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Cable Crossover

This strength training exercise is an isolation exercise for the pectorals. To do this, we use a machine with two high pulleys connected to two handles. The intervention of the shoulder in the movement is reduced and that of the triceps almost zero. Generally, this finishing exercise is used to congest the pectorals at the end of the session.

It is not recommended for beginners who must favor more complete exercises such as bench presses, to build a good solid base of mass and strength.

How To Make A Cable Crossover

1- Starting position

  • Select the desired resistance and grab the two handles connected to the cables.
  • Adjust the height of the pulleys so that they are slightly above the head.
  • Take a step forward so as to place yourself on an imaginary line running between the two pulleys, and bring the arms and the handles in front of you to the force of the pecs. The arms are then parallel and perpendicular to the bust.
  • The hands are joined or slightly crossed in front of you, and the arms are stretched out, elbows slightly bent.
  • Tilt the chest slightly forward, keeping your back straight.

2- Execution of the movement

  • Extend your arms to the side in a large arc.
  • Continue until you feel a stretch in your chest, roughly when your arms are parallel to your chest.
  • Return the arms to the starting position by reproducing the same arc and maintaining the slight bending of the elbows.
  • You can vary the point on which you make your arms meet to get more. Make sure you stay stable and keep your torso still.
  • Hold the initial position for one second.

Repeat the movement until the end of your series.

Targeted Muscles

This movement is an exercise in isolating the pectoral muscles, it is therefore quite naturally these muscles that will intervene first.

Main muscles:

  • Large pectoral (sternal part)
  • Small pectoral (a muscle placed under the large)

Secondary muscles:

  • Caraco-brachial
  • A short portion of the biceps

This exercise does not involve the triceps, this is why it is an isolation exercise because the vast majority of exercises for the pectorals involve the work of the triceps. It is therefore a positive point for this movement.

This exercise remains ineffective for the mass, and mainly useful because of the stretch it provides. It is interesting to learn how to better recruit the pectorals in the basic movements, to seek out the sensations in the pectorals. It is practiced in medium or long series, without giving a jerk and in a slow and controlled way in order to have the best possible sensations.

The more the arms are folded, the easier the exercise will be, but the less the pectorals will be recruited.

The arrival area of ​​the handles defines which portion of the muscle works, the more the handles meet towards the face the more the upper portion of the pectorals is stressed, the more they meet towards the belly the more it is the lower portion of the pectorals than we solicit.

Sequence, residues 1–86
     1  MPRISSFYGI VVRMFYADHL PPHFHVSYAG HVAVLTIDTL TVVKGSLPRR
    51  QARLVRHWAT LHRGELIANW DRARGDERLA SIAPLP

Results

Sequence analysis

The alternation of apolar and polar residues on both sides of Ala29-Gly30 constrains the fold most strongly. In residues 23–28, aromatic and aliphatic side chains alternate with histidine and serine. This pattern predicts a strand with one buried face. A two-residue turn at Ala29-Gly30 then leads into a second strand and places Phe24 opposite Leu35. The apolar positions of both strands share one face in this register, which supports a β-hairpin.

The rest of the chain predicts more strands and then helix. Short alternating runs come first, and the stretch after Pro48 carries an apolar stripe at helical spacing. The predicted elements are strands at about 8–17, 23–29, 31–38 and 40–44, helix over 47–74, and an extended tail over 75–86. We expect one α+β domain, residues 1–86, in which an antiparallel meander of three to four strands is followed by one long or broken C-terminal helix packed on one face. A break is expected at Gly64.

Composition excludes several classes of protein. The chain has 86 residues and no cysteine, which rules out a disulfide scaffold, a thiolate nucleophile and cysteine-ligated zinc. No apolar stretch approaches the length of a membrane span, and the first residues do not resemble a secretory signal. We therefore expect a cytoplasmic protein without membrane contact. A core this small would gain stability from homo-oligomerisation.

You can use the declining technique to further increase the sensations, provided you do not degrade the technique.

Danger / Cable Crossover

By keeping the arms straight, the biceps are stretched at the level of their two insertions which places them in a position of “weakness”.

So bend your elbows well.

Also, watch your shoulders, they may not appreciate the stretch that this exercise causes. In this case, you will need to reduce the range.

Risks And Mistakes To Avoid

  • With adequate warm-up and the practice of Cable Crossover at the end of the session as a finishing exercise, the risks are almost zero.
  • Extending the arms at the end of the movement can be a symptom of too heavy a load.
  • Keep your elbows slightly bent throughout the movement to avoid straining the joints.
  • Do not force unnecessarily on the shoulders: do not go up too high when the arms are spread.
  • Control your movement while standing at Cable Crossover: do it slowly and without jerking.
  • Keep the arms and torso immobile, only the shoulder joints must work, do not contract the back muscles.
  • Keep your arms aligned with the pecs during the approximation phase.
  • By performing the spread upright with the Cable Crossover, a movement too large, poorly executed, or a lack of flexibility, can present several risks: a tear in the pectorals or in the biceps (if the arms have been fully stretched), or an injury to the shoulder joint….

Breathing

  • Inhale while spreading your arms.
  • Exhale when you bring them back against each other.

To more easily maintain the stability of the torso, block your breathing: inhale in the starting position and exhale at the end of the contraction.

Variants

  • Bust position:
    • The more you learn the more you apply the upper portion of the pectoralis major.
    • On the other hand, the straighter the bust, the more the central (sternal) part of the pectoralis major is used.
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